LaBassGuy Supporting Member

    Aug 26, 2008
    I saw PG at Hollywood bowl in October. And if I remember correctly, Levin used a synth for the entire song. But he did use the sticks in other songs--like secret world.

  9. AltGrendel

    AltGrendel Squire Jag SS fan. Supporting Member

    May 21, 2009
    Mid-Atlantic USA.
    I saw them during the original So tour, on that song TL played a silver fretless Music Man (no surprise there), no drumstick that I could see, and played the synth bass on a DX. I don't think the funky fingers were developed at the time, they came a few years later.

    Great show BTW, very memorable. Mercy Street was very chilling.
  10. This would have been many, many years ago so my memory could be flawed but I'm pretty sure I saw Big Time performed on SNL and it seemed like he had what looked like aluminum tubes on 2 of his fingers that looked to be about 5" long.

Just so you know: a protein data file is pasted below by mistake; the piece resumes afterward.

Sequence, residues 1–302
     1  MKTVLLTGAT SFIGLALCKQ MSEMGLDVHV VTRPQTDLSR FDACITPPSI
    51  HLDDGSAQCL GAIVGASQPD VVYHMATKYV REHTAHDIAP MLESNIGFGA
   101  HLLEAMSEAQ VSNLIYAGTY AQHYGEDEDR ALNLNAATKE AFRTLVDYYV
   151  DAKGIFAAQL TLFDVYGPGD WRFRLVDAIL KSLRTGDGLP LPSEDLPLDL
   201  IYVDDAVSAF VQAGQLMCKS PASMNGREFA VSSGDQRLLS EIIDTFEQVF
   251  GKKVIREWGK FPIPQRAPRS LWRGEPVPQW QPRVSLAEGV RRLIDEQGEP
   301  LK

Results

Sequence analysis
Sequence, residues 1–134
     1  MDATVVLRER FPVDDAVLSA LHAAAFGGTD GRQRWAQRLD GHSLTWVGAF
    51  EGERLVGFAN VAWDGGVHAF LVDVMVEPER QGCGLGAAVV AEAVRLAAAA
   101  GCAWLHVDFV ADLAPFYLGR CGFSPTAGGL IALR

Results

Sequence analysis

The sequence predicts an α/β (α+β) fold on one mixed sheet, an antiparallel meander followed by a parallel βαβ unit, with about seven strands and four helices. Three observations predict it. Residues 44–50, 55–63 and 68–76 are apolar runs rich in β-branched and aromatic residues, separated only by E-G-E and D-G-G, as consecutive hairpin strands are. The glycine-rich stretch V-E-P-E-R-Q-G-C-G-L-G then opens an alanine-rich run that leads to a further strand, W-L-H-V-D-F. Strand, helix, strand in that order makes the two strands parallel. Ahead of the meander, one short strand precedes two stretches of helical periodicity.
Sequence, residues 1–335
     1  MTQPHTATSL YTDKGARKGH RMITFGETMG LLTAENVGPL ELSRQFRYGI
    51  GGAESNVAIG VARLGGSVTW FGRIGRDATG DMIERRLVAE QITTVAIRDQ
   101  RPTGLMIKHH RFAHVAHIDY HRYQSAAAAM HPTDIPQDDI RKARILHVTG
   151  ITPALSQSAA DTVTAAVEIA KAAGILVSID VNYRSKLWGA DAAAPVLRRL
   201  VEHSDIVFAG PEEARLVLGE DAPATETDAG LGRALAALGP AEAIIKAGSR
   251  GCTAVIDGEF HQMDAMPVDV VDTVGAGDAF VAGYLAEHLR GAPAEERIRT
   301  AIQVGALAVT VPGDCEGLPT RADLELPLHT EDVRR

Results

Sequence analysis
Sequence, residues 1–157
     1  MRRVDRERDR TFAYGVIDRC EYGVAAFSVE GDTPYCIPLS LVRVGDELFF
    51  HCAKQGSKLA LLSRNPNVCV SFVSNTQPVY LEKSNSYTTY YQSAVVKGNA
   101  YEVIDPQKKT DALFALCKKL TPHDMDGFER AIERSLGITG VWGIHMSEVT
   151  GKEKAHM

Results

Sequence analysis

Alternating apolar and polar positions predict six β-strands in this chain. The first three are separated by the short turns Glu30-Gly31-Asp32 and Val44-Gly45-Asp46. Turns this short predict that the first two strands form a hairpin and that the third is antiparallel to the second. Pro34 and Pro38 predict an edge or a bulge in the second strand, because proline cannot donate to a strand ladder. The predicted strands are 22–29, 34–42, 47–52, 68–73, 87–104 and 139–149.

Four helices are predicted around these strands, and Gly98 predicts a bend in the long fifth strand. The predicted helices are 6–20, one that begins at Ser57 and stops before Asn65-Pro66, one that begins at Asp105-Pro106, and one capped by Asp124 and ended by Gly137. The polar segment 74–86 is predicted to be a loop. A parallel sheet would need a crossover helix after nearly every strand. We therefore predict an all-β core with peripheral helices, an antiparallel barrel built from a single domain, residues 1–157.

11. bongomania

    bongomania Gold Supporting Member Commercial User

    Oct 17, 2005
    PDX, OR
    owner, OVNIFX and OVNILabs
    QFT, it's important to note that Gabriel's recordings from this period are like 50 tracks deep, with each "instrument" being a mix of many sounds.

    To the OP, I really don't think EQ will do much to get you there. Maybe an octave pedal, maybe some compression (like a parallel setup with uncompressed and heavily squeezed channels mixed together), maybe a synth pedal. And try making your own Funk Fingers. :)
  12. Ezmar


    Jul 8, 2010
    Yeah, my goal isn't to duplicate the recording sound, I'm hoping I can play a live cover version of it, and I just want to get more of that tone, more because of the feel it has. I'm playing the rest of the song with regular fingerstyle. I'll probably use some compression, a bit of crunch, and try EQing the sound. I'm using a Zoom G2.1u, which I got when I was playing more guitar, but it works for bass, as well. I'm finding especially the "Marshall Crunch" setting, adding the crunch at the higher guitar frequencies, making for a great Geddy or Squire tone.